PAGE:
The Massachusetts Supreme Judicial Court reversed the first-degree murder conviction of a man who shot to death his coworker at a Cambridge company in 2009. The name of the case is Commonwealth v. Clyde Howard.
The defendant and the victim both worked at Baystate Pool Supplies in Cambridge. On a January morning in 2009, following an argument, the defendant pursued and shot the victim numerous times, including twice in the head. The shooting and its aftermath was witnessed by several other Baystate employees, who called the police. The victim was rushed to the emergency room, where he died shortly after arrival. The defendant fled the scene.
The defendant was found sleeping in a van in Roxbury later in the day. He was booked at the Boston Police Department and charged with murder and later transported to the Cambridge Police Station. During transport to Cambridge, it was apparent to the police that the defendant was impaired by alcohol. Therefore, the officers decided not to question the defendant until the next day. The following morning, a Cambridge detective and a Massachusetts State trooper interrogated the defendant. The defendant initially waived his Miranda right to remain silent and talked to the officers for 45 minutes. However, he expressed reluctance about discussing “sensitive” matters. As the questioning progressed and the officers began to ask questions about the shooting, the defendant said he wanted to stop talking because “it [be]comes more intricate now and who knows what’s going to happen.” Instead of immediately discontinuing the interview, the Cambridge detective reminded the defendant that the crime had already occurred and was witnessed by multiple people. The interrogation continued and the defendant made damaging statements that were used against him at trial. Following his conviction for first-degree murder, the defendant appealed and argued that the trial judge should have suppressed the statements he made to the Cambridge detective.
The Supreme Judicial Court reviewed the bedrock principle that a criminal defendant can exercise his right to remain silent at any time, including in the middle of an interview to which he previously consented. However, the defendant must clearly and unambiguously assert his right to remain silent. The Commonwealth argued to the SJC that the defendant had not expressed his desire to stop the interview in its entirety, but only to not answer certain questions related to the shooting. The Court rejected the Commonwealth’s argument, and ruled that when viewed in context, it was clear that the defendant no longer wanted to proceed with the interview. The Court wrote that the detective would have been warranted in asking a direct, brief question to clarify whether the defendant wanted to stop the interview entirely or continue talking about other topics. Because the detective failed to do so, and failed to “scrupulously honor” the defendant’s request to remain silent, the trial judge should have allowed the defendant’s motion to suppress the statements he made after exercising his right to remain silent.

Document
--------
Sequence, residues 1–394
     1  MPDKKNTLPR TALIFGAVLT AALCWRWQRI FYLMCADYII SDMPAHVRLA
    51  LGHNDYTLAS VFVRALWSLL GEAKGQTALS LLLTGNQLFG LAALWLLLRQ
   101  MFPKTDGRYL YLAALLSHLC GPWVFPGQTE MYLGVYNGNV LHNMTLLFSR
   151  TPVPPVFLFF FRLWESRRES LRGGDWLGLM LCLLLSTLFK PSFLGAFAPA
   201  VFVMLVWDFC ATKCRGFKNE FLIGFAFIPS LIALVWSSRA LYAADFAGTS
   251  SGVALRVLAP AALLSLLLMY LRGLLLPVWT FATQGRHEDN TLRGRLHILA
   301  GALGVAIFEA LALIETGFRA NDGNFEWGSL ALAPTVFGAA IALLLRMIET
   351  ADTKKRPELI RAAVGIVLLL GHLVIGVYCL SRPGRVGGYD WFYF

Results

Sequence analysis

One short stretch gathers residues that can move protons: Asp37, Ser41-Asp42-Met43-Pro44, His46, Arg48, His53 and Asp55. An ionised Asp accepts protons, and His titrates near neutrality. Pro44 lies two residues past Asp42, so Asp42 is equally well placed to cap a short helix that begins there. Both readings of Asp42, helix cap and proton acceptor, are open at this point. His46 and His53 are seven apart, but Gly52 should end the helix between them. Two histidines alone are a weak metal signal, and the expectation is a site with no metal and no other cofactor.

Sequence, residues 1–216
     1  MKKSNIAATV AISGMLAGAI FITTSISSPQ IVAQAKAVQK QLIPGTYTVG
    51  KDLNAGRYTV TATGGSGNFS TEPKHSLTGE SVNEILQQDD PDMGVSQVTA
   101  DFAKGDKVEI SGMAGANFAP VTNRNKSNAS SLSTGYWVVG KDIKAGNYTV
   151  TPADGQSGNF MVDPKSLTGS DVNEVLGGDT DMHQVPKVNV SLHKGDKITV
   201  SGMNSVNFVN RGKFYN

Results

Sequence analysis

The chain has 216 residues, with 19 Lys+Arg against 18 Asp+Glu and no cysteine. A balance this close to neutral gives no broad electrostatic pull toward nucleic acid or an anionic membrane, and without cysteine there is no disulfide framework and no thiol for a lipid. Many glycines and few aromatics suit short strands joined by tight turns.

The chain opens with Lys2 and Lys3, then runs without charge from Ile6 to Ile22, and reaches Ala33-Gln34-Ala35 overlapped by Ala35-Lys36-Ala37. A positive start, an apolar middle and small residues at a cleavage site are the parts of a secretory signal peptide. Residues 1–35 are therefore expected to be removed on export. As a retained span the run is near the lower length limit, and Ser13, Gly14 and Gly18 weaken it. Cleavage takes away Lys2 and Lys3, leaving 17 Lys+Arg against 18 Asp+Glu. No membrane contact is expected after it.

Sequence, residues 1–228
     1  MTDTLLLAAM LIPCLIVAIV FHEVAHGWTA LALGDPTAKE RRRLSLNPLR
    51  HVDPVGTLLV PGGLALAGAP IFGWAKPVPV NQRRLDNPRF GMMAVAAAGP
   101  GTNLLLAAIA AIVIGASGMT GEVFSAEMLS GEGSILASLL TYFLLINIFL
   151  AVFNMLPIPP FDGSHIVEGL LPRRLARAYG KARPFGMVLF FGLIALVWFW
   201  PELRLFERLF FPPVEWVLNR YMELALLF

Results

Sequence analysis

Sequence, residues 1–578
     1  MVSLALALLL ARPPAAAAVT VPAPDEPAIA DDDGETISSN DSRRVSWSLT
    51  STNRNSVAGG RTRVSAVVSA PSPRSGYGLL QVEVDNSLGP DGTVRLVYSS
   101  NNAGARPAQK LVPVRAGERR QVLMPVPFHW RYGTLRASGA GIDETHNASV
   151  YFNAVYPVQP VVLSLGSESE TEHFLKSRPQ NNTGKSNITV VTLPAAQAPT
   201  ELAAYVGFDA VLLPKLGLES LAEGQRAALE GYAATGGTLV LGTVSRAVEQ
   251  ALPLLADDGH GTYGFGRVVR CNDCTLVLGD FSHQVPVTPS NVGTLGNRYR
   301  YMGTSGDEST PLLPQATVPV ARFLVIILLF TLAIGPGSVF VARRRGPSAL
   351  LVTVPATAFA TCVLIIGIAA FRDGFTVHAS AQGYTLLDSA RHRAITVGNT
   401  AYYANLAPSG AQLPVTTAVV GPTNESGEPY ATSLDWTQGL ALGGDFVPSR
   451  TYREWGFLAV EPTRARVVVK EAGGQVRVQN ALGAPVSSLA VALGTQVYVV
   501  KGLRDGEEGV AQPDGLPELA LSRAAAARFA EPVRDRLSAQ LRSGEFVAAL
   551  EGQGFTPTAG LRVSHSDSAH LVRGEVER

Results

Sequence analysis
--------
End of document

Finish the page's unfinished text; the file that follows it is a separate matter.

The next question is whether the admission of the defendant’s statement was “harmless beyond a reasonable doubt.” If so, the conviction would have been upheld. However, the Court ruled that the statement’s admission, combined with the prosecutor’s improper closing argument and the trial’s judge’s incorrect jury instructions, required reversal of the defendant’s conviction. The Court was particularly critical of the prosecutor, pointing out that he used the defendant’s exercise of his right to remain silent to suggest that the defendant was guilty. The Court said, “[u]sing the invocation of Miranda rights to comment on a defendant’s substantive guilt is strictly prohibited.” The prosecutor also used evidence of the defendant’s prior bad conduct in an inappropriate way, and the Court wrote that he “repeatedly and quite blatantly ignored the [trial] judge’s evidentiary limitation.” As a result of all these errors, the Supreme Judicial Court reversed the defendant’s first-degree murder conviction.
This case illustrates the importance of aggressively litigating pretrial motions to suppress evidence and statements. These pretrial motions determine what evidence will be introduced to the jury, and often determine the outcome of criminal cases.